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Hurricane Rita:
A Comparison of Winds and Storm Surge for
Southeast Texas

Montra Lockwood, Service Hydrologist
Felix Navejar, Science & Operations Officer
Sam Shamburger, Meteorologist
 
Hurricane Rita struck the coast of Southwest Louisiana during the early morning hours of September 24th, 2005.  Earlier in the week, this powerful storm reached Category 5 strength as it trekked northwest across the Gulf of Mexico.  The hurricane had weakened slightly to a strong Category 4 storm a couple of days prior to landfall.  As it approached the coast, Rita weakened to a Category 3 storm with winds nearly 120 mph.  The storm made landfall near Johnson Bayou in western Cameron Parish Louisiana, and continued to move northwest into Southeast and Eastern Texas, bringing hurricane force winds 150 miles inland.
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Hurricane Rita caused serious damage across coastal Southeast Texas.  Hurricane force winds and storm surge battered the Southeast Texas coast as the storm made landfall. As a result, many homes, businesses and other structures suffered severe damage. 
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The National Weather Service (NWS) in Lake Charles has completed a comparison of the storm surge with the strength and direction of the winds associated with hurricane Rita as it made landfall.  Wind data are provided courtesy of the NWS Automated Surface Observation System (ASOS) at the Southeast Texas Regional Airport, the National Ocean Service (NOS) site in Sabine Pass, and an Automated Weather Observation Station (AWOS) at the Orange County Airport.  Water data have been obtained from NOS sites and U.S. Geological Survey (USGS) river gage locations in Southeast Texas, and Jefferson County (Texas) Drainage District 6.  All references to time are in Central Daylight Time (CDT), and water level data have been referenced to Mean Sea Level (MSL).
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On September 23th, Hurricane Rita was moving northwest across the Gulf, approaching the Southeast Texas/Southwest Louisiana coastline.  During the early afternoon, the circulation around the storm produced northeasterly winds across Southeast Texas, with wind speeds below tropical storm force (39 mph).  Water levels were generally steady.  By mid to late afternoon, winds were gusting to tropical storm force at the Southeast Texas Regional Airport and at the Orange County Airport, and water levels began decreasing in response to the strengthening north winds.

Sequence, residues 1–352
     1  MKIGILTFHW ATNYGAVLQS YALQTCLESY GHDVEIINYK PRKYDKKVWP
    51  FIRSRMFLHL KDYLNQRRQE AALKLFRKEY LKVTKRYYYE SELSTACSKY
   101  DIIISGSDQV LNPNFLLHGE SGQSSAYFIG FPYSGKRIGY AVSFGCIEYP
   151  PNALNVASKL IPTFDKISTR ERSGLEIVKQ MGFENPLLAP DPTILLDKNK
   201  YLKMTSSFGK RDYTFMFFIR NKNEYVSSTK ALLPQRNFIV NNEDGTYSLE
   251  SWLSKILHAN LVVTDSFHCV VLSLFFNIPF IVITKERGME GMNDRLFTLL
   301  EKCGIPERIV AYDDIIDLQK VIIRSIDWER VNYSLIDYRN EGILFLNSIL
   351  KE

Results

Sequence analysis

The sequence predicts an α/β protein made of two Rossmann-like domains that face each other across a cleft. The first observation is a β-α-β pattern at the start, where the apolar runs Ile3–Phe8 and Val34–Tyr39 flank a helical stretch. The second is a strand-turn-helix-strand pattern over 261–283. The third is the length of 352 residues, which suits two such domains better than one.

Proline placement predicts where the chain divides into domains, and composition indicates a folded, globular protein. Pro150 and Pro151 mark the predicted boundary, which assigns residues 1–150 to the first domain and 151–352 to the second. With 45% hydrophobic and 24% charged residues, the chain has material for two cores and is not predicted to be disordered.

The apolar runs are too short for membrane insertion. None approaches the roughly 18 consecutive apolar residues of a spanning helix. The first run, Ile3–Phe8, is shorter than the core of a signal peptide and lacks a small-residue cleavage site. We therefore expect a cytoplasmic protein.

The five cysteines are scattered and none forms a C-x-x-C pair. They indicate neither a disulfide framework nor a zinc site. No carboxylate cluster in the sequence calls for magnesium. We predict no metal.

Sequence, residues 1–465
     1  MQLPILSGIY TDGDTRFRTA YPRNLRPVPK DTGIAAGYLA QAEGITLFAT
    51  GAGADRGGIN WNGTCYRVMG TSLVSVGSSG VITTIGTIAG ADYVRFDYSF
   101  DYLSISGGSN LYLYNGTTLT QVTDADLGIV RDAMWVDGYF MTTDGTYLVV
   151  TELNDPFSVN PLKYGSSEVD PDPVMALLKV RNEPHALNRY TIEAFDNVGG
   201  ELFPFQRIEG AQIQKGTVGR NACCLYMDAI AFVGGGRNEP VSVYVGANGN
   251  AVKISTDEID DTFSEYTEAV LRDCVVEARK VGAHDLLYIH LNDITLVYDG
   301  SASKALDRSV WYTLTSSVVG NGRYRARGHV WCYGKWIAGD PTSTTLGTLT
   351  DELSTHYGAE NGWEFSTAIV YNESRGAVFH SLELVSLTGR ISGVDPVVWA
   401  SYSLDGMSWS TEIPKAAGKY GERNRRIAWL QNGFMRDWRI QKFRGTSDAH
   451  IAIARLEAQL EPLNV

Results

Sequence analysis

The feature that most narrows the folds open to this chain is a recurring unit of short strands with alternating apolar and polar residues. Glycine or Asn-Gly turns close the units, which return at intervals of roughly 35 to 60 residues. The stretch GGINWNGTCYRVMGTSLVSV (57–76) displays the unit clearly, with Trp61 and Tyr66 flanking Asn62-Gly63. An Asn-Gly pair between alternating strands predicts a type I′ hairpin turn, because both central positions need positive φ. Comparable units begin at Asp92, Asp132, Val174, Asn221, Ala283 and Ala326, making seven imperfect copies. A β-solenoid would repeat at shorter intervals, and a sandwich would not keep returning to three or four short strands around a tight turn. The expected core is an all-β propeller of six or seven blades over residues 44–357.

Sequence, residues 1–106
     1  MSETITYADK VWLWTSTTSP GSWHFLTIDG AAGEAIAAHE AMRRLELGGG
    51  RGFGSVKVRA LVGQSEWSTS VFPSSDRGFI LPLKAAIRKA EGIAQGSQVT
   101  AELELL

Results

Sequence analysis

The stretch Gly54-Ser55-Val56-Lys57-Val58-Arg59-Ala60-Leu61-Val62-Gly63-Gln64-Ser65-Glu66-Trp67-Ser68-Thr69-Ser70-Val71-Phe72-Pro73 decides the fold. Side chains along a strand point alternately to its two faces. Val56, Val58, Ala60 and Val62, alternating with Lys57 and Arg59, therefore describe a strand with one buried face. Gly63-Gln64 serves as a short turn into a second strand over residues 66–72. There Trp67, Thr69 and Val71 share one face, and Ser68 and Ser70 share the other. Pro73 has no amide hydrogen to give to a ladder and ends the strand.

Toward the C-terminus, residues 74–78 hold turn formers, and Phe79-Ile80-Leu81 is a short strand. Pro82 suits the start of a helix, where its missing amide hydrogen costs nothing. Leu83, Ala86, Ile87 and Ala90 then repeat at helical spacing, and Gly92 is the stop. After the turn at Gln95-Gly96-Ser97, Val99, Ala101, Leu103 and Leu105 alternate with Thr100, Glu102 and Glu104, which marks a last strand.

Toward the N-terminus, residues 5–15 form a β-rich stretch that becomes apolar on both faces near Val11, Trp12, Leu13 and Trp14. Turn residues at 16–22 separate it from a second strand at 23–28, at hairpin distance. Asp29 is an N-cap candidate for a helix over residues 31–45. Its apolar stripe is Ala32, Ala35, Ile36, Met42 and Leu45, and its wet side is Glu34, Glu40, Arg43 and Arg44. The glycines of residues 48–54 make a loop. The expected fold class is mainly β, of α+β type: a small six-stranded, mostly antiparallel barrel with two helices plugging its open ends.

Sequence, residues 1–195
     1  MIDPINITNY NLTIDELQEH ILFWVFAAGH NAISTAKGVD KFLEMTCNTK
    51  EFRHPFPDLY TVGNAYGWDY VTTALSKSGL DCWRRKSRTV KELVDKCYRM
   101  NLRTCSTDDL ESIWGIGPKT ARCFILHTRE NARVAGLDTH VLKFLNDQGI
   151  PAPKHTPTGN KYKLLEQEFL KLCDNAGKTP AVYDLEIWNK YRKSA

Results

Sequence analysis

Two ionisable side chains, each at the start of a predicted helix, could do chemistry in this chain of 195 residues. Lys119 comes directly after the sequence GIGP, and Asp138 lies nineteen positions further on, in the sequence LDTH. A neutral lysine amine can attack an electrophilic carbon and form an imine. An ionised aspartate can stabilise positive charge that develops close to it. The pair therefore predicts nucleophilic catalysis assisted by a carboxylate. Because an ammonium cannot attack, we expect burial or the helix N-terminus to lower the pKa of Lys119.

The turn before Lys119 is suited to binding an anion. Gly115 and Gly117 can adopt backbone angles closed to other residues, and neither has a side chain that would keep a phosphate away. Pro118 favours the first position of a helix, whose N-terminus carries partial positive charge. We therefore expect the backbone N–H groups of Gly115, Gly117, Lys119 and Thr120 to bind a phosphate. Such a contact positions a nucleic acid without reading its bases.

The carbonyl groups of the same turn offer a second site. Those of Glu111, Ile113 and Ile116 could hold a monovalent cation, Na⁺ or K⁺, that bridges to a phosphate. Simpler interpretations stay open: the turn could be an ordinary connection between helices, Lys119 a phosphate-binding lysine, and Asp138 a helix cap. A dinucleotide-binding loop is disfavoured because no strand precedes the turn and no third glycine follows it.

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As the eye gradually approached the coast, winds continued to be northerly over Southeast Texas.  Sustained tropical storm force winds reached the Southeast Texas Regional Airport by 7 pm, and spread as far inland as Orange by 10 pm.  The NOS gage at Sabine Pass depicted a brief drop in water levels at around 6 pm, and then rose rapidly during the evening.  NOS gages at Port Arthur, TX and on the Rainbow Bridge near Bridge City, TX each showed slight drops in the water level as well, which were followed by rapid rises.  The Sabine Pass gage failed before midnight, with a reading of 5.4 feet.  
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By midnight, the storm was churning just off the Southwest Louisiana coastline.  Wind sensors around the area had begun to fail, but the wind gage at the Southeast Texas Regional Airport remained operational.  By this time, northerly winds were gusting to hurricane force (74 mph), and became sustained at hurricane force shortly after the storm made landfall.  About one and a half hours after landfall, the wind sensor at the Southeast Texas airport recorded a peak wind of 105 mph.  Rises at inland river locations near Beaumont began after midnight, between 1 and 4 am. 
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During the early morning hours, the eye of Rita passed east of Jefferson County as it moved over Orange County.  Winds rapidly shifted from northwest to southwest and weakened.  Water levels at Port Arthur were beginning to decrease.  Water levels at inland river sites, on the other hand, continued to rise during the morning of the 24th, and crested during the afternoon.
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Although Southeast Texas was located on the western side of the eyewall as Hurricane Rita passed over the area, the area experienced significant damage as a result of the storm.  Storm surge was delayed as predominantly north winds affected the area for over 12 hours.  General storm surge values of 5 to 10 feet were observed along the coast and on Sabine Lake.
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To view the graphical wind and storm surge data for Southeast Texas, click here.

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